Bay of Plenty teacher Joanne Black loves sharing her passion for art.

Today, she's broadening the minds of students at Te Kura Kaupapa Māori o Waioweka, a full-immersion school just outside of Opotiki.

"I see the benefits for the children," Joanne says. "I get goosebumps a lot of times, it lights me up, and I enjoy seeing it light up other children through the power and healing of art."

When Joanne received funding from the district council to increase participation in the arts, she knew she wanted to direct it towards the schools that would benefit most.

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"I felt the rapport, the closeness and the gratitude. As a teacher, you do have a lot of a-ha moments. Well I felt that through the kids - they took a lot of risks."

The council allocates around $11,000 a year to people like Joanne, as part of the nationwide New Zealand Creative Communities Scheme.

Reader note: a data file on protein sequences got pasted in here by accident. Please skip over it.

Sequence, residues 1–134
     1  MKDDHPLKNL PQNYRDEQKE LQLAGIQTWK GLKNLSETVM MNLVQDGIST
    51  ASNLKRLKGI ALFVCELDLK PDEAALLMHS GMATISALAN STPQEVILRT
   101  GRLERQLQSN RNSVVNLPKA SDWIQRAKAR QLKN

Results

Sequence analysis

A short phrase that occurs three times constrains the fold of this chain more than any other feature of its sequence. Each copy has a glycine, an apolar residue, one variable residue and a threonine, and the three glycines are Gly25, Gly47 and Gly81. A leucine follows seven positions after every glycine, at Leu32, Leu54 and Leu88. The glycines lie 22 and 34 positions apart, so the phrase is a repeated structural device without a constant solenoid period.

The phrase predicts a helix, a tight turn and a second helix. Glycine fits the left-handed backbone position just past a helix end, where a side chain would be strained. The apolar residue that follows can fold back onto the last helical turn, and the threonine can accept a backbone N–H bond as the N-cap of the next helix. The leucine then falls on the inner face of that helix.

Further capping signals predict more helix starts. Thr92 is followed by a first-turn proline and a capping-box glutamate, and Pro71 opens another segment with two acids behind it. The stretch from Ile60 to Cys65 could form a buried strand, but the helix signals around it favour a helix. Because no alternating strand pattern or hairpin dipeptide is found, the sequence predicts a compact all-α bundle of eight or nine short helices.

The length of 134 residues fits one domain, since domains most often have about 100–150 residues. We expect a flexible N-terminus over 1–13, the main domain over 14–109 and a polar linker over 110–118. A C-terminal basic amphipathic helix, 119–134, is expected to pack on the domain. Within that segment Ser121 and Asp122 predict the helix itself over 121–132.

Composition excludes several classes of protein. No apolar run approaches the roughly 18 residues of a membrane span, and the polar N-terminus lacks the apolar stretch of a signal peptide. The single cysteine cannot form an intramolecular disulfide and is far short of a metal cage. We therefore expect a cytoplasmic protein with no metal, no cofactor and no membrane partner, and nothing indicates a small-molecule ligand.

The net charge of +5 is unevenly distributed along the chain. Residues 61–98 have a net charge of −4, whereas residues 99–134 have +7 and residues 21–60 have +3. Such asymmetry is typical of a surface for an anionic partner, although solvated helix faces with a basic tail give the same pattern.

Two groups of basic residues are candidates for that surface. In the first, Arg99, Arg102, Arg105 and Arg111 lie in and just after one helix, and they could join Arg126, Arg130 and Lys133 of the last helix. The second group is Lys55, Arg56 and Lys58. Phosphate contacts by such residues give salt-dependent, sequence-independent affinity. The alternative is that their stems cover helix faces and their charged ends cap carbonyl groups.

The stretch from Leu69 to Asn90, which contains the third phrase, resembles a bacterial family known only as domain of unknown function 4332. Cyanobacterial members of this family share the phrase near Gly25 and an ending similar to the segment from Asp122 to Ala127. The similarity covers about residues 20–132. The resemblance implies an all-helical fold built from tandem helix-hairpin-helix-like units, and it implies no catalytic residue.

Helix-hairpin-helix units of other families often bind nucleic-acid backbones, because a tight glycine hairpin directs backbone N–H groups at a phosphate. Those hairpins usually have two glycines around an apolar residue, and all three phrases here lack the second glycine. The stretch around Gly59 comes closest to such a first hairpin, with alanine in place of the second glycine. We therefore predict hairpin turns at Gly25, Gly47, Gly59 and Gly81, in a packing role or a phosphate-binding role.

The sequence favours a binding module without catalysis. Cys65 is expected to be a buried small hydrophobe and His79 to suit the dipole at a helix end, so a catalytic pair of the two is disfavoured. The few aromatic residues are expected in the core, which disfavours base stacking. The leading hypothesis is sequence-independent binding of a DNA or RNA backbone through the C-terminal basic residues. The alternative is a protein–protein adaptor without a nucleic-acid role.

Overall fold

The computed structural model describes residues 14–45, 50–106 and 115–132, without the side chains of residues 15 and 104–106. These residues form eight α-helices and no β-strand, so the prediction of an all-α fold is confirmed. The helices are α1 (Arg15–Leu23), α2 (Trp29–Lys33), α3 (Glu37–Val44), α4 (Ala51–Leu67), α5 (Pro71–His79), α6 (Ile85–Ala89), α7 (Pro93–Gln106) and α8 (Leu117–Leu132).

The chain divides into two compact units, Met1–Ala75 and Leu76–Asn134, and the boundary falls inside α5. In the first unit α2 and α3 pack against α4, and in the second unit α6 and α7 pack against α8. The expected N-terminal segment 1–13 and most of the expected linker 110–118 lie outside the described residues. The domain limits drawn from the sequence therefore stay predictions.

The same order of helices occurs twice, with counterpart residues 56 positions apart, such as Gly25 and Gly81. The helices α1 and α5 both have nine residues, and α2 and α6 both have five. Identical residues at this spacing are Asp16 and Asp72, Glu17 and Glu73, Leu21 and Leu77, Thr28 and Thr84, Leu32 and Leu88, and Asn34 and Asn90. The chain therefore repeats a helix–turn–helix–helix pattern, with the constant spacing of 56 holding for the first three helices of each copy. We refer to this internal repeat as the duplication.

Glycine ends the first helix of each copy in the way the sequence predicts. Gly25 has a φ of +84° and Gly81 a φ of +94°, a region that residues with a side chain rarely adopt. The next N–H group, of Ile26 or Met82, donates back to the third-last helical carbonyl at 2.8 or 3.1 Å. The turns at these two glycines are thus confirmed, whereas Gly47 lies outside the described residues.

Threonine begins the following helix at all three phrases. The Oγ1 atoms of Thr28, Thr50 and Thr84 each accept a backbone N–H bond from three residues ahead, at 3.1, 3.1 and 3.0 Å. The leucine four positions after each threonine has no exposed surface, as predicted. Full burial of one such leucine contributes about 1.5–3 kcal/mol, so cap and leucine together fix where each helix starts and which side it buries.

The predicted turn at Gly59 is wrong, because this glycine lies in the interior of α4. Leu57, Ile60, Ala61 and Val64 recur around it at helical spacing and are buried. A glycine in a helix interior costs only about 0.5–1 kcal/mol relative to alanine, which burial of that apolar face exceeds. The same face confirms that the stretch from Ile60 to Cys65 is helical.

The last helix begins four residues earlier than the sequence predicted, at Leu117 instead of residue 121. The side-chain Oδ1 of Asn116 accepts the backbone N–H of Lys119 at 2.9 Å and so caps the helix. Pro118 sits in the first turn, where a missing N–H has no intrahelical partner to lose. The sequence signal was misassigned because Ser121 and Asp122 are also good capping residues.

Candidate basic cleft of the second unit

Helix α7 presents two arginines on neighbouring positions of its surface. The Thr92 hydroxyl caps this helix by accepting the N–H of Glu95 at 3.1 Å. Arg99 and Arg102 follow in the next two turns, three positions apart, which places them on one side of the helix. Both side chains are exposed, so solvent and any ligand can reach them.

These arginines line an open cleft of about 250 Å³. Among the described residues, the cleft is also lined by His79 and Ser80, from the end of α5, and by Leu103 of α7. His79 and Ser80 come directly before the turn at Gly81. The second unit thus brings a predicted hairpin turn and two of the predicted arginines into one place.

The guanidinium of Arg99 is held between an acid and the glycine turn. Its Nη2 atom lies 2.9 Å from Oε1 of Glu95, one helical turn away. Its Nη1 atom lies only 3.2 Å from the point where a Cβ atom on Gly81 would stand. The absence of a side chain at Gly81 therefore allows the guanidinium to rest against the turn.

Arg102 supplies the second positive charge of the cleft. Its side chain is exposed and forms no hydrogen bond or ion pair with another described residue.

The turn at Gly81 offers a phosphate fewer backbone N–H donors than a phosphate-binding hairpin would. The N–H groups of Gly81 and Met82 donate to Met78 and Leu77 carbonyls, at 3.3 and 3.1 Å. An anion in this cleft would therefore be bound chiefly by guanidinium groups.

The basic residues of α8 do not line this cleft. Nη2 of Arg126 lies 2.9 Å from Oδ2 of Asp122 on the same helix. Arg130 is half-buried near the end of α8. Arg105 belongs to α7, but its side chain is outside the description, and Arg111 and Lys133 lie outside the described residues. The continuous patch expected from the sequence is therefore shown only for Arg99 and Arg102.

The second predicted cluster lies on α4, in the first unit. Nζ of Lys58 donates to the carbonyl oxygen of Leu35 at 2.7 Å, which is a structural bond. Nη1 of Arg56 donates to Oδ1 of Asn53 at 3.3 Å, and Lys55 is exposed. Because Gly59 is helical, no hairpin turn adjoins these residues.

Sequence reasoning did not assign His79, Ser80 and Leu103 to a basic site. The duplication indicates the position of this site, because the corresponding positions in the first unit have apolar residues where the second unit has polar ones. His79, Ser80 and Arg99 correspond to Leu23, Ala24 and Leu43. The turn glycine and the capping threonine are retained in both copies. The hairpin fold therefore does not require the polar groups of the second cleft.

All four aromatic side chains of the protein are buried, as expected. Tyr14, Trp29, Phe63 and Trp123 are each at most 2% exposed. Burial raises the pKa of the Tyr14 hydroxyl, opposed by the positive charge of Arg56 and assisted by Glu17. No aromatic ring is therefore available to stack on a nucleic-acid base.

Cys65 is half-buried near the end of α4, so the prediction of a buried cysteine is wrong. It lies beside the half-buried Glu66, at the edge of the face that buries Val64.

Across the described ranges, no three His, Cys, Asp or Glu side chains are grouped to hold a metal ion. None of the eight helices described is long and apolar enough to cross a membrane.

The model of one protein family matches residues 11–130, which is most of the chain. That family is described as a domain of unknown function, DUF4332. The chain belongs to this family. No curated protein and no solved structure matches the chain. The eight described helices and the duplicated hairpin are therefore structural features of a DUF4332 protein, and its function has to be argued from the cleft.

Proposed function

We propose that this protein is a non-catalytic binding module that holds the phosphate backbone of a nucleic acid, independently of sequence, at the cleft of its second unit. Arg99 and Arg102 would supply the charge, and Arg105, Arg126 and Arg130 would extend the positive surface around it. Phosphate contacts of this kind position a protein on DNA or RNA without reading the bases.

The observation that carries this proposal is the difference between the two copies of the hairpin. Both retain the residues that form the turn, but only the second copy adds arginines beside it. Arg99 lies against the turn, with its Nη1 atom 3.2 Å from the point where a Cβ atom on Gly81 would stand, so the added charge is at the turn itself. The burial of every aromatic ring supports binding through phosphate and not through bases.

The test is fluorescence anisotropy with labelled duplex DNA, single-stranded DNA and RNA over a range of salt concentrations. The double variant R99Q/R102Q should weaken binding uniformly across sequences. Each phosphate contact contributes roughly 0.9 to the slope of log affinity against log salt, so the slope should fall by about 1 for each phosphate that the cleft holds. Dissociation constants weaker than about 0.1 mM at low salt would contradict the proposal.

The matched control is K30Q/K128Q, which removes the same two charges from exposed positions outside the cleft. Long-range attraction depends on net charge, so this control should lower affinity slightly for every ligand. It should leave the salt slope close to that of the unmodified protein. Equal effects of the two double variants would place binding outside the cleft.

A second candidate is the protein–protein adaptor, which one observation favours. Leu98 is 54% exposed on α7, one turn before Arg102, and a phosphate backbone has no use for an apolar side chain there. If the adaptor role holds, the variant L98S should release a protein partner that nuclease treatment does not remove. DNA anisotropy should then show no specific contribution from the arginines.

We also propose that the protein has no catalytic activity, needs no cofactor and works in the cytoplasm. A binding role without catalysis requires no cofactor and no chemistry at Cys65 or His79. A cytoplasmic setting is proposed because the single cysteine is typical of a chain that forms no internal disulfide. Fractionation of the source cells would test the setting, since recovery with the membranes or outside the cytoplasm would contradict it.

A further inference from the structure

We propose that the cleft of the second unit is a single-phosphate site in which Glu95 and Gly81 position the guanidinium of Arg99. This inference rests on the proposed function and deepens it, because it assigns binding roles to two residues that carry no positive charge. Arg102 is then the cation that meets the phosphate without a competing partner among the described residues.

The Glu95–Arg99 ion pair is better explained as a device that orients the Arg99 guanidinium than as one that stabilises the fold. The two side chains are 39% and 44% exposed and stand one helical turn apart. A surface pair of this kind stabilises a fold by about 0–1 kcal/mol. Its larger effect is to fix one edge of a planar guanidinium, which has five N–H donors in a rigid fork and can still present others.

"I find teachers are so glad to have me in. They're so rushed, they haven't got the time, a lot of them, to invest in arts," she says.

At this small, isolated school Joanne's working with over 50 students ranging in age from 8-11.

"Picasso never lets me down. He's one of my favourite artists. I find that when I read the story to the children, he really inspires them. It gives them the freedom to not be afraid to make mistakes - it's all about the wackier the better. The children don't get hung up, every child will have a success in the artwork that they do."

Joanne is so proud of her students work she's started a display at the Opotiki Library, a project which is touching the entire community.

"I watched people's reaction and they were buzzing. They loved the art, they didn't want it to leave. It will bring communities and families together to come and see their children's art. So that's awesome."

She hopes to access more funding so she can continue her work with schools around the region - inspiring young people, one art work at a time.

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